Drivers call it an ugly distraction and candidates call it free advertising. Every year, political signs pop up along Virginia's major roadways, but what you might not know: they're illegal.
It's a jurisdictional battle played out along Virginia highways. Political signs on major roads have always been illegal under state law, but every year candidates take advantage of the free advertising.
"They've decided it's a great place to do it regardless of the law and they're all doing it," says Steve Dunton of Alexandria. "There's just a zillion of them there."
But there are loopholes. In Alexandria, the city allows politicians the right to post their signs on major roads. Justin Keating bought a city permit to post his signs.
"It may sound cynical, but I'm running to win the election and this is one way to do it," says Keating, ACPS candidate for School board, District B.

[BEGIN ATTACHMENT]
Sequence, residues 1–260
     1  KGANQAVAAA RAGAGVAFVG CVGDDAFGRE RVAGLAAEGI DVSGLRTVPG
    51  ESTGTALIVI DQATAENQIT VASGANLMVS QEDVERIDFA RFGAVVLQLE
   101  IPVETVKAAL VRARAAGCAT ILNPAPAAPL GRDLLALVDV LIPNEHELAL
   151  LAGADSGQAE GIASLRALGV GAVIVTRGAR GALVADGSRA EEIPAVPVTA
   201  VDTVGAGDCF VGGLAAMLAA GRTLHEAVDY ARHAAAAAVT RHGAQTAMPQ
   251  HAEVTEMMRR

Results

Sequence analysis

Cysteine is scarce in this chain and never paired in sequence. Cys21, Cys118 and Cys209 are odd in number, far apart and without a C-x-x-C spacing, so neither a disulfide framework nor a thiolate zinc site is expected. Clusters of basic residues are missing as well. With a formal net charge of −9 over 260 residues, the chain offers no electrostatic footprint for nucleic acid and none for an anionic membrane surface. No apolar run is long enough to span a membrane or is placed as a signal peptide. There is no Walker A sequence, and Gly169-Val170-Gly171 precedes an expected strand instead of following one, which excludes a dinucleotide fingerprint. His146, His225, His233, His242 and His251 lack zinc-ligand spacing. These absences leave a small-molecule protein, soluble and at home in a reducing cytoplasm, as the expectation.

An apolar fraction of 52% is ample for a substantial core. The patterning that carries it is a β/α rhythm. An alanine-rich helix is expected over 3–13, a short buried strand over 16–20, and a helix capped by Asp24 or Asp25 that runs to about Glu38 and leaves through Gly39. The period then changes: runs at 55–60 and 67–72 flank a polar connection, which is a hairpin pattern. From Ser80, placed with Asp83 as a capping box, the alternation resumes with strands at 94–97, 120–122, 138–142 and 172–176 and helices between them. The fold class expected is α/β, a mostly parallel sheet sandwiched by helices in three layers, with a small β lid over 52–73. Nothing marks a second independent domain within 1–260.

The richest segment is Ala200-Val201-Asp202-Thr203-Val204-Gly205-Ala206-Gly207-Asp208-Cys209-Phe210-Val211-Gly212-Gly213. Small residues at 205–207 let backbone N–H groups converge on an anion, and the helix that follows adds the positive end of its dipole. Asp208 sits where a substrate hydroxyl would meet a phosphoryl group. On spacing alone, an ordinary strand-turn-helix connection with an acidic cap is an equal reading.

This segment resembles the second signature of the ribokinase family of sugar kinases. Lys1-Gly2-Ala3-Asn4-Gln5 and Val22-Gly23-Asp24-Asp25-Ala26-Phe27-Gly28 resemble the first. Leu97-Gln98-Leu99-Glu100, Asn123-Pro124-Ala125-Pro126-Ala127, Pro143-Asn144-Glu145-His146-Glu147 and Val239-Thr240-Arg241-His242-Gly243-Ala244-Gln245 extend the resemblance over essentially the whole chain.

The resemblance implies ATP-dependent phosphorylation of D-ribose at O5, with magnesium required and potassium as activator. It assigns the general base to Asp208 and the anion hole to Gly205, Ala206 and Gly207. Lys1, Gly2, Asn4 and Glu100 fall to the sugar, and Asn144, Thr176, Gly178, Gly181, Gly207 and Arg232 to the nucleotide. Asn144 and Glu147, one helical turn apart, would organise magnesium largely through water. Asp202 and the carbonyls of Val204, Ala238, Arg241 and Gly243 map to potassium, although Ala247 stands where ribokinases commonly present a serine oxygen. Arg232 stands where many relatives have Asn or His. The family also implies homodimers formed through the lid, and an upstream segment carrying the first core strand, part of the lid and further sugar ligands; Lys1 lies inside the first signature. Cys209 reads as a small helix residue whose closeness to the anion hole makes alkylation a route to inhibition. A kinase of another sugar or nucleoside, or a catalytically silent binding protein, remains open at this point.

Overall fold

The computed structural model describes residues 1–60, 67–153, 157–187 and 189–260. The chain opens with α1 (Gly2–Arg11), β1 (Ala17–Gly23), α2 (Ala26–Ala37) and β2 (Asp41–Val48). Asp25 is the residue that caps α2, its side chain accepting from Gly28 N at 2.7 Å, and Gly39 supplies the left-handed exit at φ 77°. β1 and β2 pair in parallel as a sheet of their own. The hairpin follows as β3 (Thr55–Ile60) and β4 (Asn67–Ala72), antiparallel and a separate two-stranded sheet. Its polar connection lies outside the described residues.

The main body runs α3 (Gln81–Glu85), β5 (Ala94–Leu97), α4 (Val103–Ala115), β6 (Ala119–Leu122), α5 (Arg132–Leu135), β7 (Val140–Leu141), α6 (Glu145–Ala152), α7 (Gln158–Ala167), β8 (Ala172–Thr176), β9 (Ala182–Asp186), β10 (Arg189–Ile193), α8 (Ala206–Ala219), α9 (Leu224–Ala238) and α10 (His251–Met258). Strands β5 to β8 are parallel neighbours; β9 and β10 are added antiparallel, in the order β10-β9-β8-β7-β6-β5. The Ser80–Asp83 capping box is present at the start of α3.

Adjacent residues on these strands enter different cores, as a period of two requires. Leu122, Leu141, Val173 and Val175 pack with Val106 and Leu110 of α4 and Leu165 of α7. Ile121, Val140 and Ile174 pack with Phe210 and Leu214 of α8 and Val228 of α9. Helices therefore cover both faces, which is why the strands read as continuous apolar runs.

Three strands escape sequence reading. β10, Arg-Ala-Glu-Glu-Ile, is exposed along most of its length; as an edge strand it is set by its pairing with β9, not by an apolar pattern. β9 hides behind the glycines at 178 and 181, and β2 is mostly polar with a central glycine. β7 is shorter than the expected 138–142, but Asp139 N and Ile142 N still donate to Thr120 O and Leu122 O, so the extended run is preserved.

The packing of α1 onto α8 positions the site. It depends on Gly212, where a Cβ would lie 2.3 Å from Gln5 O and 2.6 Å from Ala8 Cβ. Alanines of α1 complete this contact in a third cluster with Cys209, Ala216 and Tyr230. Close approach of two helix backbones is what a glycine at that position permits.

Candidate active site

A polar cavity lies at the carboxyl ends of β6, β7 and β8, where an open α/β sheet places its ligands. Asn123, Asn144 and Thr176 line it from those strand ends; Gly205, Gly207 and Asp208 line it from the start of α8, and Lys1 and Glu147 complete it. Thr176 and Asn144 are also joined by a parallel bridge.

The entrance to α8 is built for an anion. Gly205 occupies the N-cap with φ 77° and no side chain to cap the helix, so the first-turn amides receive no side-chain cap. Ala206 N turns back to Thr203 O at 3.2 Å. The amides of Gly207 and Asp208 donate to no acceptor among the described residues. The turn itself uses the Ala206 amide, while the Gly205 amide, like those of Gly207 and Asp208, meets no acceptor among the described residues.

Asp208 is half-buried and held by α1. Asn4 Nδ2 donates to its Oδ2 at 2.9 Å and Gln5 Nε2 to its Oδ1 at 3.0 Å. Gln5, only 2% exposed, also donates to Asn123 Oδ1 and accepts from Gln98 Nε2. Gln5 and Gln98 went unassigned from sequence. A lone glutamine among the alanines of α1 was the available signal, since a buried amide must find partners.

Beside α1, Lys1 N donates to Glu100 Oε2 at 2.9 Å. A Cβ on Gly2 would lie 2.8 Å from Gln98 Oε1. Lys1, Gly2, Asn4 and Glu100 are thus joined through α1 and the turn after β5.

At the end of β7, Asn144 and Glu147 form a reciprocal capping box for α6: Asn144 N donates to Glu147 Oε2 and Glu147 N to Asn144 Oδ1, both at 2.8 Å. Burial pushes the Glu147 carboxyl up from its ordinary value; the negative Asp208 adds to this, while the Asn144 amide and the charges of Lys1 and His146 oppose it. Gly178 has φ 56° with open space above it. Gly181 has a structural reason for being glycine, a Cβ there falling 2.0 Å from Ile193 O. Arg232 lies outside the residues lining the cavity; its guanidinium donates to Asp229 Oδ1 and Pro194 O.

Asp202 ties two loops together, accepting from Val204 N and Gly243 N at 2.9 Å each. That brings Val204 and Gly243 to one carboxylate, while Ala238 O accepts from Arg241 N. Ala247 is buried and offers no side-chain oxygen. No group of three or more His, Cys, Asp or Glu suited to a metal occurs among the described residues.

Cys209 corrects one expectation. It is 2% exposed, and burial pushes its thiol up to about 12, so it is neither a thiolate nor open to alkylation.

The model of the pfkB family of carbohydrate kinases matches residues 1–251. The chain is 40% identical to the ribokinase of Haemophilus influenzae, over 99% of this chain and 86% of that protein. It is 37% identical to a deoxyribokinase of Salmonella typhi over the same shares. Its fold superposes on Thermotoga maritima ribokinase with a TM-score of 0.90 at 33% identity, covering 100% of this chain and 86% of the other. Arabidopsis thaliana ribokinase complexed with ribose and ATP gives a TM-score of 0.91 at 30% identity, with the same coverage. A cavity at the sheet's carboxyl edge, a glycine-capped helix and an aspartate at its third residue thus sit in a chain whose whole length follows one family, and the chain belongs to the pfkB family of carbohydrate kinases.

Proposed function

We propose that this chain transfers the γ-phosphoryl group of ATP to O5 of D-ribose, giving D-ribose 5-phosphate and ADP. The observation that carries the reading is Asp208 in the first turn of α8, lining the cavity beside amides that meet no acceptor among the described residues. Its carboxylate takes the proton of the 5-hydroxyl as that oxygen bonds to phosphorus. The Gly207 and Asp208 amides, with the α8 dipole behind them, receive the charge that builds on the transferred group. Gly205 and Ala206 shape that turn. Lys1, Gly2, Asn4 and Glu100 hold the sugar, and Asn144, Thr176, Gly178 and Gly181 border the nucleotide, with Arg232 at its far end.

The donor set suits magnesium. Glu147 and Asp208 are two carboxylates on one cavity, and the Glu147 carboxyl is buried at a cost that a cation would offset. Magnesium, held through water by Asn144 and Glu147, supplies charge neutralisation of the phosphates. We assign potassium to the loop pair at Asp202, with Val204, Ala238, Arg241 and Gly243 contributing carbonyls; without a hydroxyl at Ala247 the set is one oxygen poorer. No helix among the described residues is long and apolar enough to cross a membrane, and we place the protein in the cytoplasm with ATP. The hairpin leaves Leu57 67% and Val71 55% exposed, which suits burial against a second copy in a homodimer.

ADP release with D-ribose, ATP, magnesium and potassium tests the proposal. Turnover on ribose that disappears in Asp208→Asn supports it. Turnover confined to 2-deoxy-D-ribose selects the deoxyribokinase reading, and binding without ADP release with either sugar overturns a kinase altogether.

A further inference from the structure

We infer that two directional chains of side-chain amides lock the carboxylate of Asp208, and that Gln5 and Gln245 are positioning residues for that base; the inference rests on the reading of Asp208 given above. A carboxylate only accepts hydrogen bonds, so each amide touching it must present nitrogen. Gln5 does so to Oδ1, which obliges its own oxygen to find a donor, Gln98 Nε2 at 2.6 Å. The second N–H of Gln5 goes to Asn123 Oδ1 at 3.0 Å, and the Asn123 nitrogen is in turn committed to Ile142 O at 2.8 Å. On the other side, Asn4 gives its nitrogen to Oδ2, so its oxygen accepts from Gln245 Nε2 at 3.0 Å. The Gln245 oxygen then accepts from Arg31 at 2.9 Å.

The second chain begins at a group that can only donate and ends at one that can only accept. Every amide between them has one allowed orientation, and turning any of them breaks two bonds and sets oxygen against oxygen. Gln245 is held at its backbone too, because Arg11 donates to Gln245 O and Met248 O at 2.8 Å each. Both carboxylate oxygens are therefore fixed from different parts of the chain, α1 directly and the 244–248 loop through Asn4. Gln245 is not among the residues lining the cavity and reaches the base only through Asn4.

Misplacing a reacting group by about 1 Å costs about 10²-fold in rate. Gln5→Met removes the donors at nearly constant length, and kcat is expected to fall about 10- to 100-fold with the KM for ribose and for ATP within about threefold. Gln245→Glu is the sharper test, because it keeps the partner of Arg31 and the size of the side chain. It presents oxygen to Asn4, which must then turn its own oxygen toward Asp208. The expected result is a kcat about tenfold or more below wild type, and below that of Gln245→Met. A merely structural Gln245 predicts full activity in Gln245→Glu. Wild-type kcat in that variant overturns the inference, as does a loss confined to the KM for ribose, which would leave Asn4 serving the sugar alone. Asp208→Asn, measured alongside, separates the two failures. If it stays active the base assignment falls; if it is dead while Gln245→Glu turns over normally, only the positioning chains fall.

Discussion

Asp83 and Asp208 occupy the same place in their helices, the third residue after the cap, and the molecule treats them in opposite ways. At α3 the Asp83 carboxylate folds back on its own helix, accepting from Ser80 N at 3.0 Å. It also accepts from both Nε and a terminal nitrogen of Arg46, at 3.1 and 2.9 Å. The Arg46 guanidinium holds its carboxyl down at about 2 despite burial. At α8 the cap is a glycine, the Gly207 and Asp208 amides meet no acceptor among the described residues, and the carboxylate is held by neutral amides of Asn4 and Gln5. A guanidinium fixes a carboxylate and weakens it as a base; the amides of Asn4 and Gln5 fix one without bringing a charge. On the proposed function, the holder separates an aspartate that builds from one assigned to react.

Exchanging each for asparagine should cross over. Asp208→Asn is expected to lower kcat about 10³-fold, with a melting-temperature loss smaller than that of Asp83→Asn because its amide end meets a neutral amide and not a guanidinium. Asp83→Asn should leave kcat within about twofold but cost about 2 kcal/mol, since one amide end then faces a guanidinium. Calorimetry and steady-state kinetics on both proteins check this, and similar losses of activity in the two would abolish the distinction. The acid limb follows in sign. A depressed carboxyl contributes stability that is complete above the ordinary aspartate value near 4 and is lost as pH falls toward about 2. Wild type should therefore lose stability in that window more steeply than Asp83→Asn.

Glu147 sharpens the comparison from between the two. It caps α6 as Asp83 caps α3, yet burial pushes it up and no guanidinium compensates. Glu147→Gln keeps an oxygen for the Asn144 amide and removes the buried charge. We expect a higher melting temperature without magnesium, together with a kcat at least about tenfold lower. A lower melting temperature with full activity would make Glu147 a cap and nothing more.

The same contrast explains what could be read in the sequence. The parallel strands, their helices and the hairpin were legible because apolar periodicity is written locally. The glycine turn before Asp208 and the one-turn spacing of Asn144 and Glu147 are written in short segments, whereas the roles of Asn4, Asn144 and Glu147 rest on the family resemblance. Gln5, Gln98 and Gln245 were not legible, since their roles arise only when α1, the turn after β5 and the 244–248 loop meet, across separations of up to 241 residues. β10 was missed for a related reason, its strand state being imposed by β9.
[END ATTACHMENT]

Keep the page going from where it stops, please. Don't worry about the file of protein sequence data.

But he's also risking a $100 fine for each of his signs, according to state law.
"I guess I'll decide to fight it if I have to, but it's clearly not in the rules that the city gave me," he says.
It's likely he won't have to. The Virginia Department of Transportation is responsible for clearing illegal signs, but they won't have the manpower to do it.
Meanwhile, drivers are stuck staring at what seems like a crop of political signs each election cycle.
"I think it's a distraction to driving," says Jane Picot of Alexandria.
"I think it takes away from the beauty of this road here," says Dunton.
It's a legal conflict between city and state that has candidates caught in the middle and drivers cursing the eyesore of election season.